"Not enough is being done to protect cyclists from injury and intimidation" says the co-chair of the All Party Parlimentary Cycling Group (APPCG) and MP for Brentford and Isleworth, Ruth Cadbury.
In a blog posted on national cycling charity Cycling UK's website the Labour Party Shadow Housing Minister called for more to be done in the UK to prevent new cyclists from being intimidated on the road and subsequently put off cycling altogether, citing the non-injury cycling incident study the Near Miss Project.
"I don’t find it acceptable that people just trying to get to work or to the shops are so regularly intimidated," Ms Cadbury writes. "New cyclists report twice as many ‘very scary’ incidents as the more experienced. Maybe they’ll ‘harden up’ and get used to harassment. But our general failure to increase cycling suggests many new cyclists just stop cycling altogether."
"Cycling is a safe transport mode, not just for the cyclist but also other road users: you’re much less likely to kill someone else than if you’re driving a motor vehicle. You’re not causing air or noise pollution. And you’re keeping yourself healthy."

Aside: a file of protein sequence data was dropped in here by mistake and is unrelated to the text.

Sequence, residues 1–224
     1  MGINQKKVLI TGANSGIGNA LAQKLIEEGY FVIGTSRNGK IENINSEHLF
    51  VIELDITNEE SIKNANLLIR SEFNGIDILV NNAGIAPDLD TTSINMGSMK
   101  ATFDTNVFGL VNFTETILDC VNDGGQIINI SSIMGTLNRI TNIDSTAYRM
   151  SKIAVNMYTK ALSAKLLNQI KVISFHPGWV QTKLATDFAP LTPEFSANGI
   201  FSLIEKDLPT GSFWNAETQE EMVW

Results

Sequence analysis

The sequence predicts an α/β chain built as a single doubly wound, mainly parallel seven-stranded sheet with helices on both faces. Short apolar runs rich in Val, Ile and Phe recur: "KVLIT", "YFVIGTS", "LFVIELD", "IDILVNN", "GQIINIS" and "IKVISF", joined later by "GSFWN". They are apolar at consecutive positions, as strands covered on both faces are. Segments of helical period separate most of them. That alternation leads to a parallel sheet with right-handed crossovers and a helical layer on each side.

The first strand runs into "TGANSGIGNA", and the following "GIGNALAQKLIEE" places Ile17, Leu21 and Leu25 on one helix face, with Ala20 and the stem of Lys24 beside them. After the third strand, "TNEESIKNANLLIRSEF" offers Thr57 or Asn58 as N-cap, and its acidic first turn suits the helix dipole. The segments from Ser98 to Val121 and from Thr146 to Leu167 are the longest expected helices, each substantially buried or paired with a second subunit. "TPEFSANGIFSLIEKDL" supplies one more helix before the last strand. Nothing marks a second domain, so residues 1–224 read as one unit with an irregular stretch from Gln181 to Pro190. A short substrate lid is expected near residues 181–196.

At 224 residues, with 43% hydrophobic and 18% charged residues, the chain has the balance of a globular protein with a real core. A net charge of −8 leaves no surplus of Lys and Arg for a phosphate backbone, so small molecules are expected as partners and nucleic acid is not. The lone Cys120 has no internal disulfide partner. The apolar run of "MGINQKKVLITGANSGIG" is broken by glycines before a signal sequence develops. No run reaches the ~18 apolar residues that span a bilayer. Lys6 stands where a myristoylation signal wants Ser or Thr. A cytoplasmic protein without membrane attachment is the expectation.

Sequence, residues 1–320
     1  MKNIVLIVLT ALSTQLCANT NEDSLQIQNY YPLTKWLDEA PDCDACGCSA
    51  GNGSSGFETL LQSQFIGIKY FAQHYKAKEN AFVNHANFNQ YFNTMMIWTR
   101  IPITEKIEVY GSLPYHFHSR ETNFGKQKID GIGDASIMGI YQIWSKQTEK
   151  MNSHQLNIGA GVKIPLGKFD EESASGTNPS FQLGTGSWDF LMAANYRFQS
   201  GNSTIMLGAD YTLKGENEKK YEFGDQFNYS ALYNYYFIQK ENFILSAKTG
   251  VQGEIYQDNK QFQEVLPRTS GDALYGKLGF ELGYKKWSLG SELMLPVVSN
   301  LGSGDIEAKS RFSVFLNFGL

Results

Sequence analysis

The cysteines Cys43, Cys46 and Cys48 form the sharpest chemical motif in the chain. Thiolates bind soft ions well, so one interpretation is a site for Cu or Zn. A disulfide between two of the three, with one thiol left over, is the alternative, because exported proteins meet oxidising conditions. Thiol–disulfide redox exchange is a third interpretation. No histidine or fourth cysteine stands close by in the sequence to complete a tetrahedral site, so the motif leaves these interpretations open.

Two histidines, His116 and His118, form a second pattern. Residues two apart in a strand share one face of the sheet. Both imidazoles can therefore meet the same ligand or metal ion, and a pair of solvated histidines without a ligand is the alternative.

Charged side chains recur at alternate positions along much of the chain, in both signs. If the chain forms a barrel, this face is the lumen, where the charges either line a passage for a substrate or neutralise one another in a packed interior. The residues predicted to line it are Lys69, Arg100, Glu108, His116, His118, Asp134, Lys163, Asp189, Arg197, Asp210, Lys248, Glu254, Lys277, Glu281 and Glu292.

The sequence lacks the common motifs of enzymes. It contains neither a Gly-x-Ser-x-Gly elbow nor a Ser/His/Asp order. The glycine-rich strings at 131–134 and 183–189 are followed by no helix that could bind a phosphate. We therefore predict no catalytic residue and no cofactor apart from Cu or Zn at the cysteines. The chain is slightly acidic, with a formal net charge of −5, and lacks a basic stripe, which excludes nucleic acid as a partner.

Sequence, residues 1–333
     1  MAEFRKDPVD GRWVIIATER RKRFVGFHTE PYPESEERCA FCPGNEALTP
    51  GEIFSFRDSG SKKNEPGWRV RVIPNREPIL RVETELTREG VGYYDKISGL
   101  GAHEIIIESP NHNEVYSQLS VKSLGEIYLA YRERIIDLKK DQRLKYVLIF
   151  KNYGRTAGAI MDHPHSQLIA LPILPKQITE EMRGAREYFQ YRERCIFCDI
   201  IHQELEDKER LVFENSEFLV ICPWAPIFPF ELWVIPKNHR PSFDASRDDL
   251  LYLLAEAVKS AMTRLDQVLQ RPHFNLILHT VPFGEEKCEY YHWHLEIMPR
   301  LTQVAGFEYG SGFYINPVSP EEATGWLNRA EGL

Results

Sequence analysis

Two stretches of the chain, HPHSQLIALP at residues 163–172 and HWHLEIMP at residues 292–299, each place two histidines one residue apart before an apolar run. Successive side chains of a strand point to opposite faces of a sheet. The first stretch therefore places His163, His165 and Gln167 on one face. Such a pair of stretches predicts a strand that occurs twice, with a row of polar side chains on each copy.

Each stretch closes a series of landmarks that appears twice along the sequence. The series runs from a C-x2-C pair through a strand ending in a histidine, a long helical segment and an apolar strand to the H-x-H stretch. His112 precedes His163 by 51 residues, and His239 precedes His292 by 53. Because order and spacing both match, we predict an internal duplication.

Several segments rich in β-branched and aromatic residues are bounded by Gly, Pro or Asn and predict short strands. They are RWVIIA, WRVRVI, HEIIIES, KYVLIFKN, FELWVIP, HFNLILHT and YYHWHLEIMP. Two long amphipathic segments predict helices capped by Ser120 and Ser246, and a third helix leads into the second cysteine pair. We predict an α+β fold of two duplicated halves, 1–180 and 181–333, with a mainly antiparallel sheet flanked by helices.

Ms Cadbury writes that "people cycling are doing something that according to policy and research is the right thing," and goes on to suggest ways that we, as a nation, can look to support cyclists - new and old - in avoiding that intimidation culture.
"People [who were questioned] in the Near Miss Project often said protected infrastructure would help, by separating them from motor vehicles. There’s a long way to go on this. Only 3% of Transport for London’s roads have protected tracks, and most of the country lags far behind London.
"We also need to improve driver behaviour and the way the criminal justice system deals with motoring offences. It wasn’t that long ago that drink-driving was common and socially accepted in the UK. I think we need a similar attitude change when it comes to the treatment of vulnerable road users like cyclists."
In terms of what is actually being done, Ms Cadbury highlighted the work that the APPCG has been doing and changes that it has been calling for, such as substantial increases in spending on cycling, including more and better cycle infrastructure.
She also highlights initiatives that allow cyclists to report near misses and the work cycling police officers are doing to crack down on drivers who pass cyclists too closely.
She finishes the blog post by saying that the APPCG is "planning an inquiry into road justice for cyclists in early 2017" and that the group will produce "recommendations for action" in regards to all aspects of the criminal justice system.
"Our vision," the APPCG co-chair writes "is a Britain where jumping on a bike is as normal as putting your shoes on to go out of the door. Reducing injury and intimidation are a crucial part of getting there."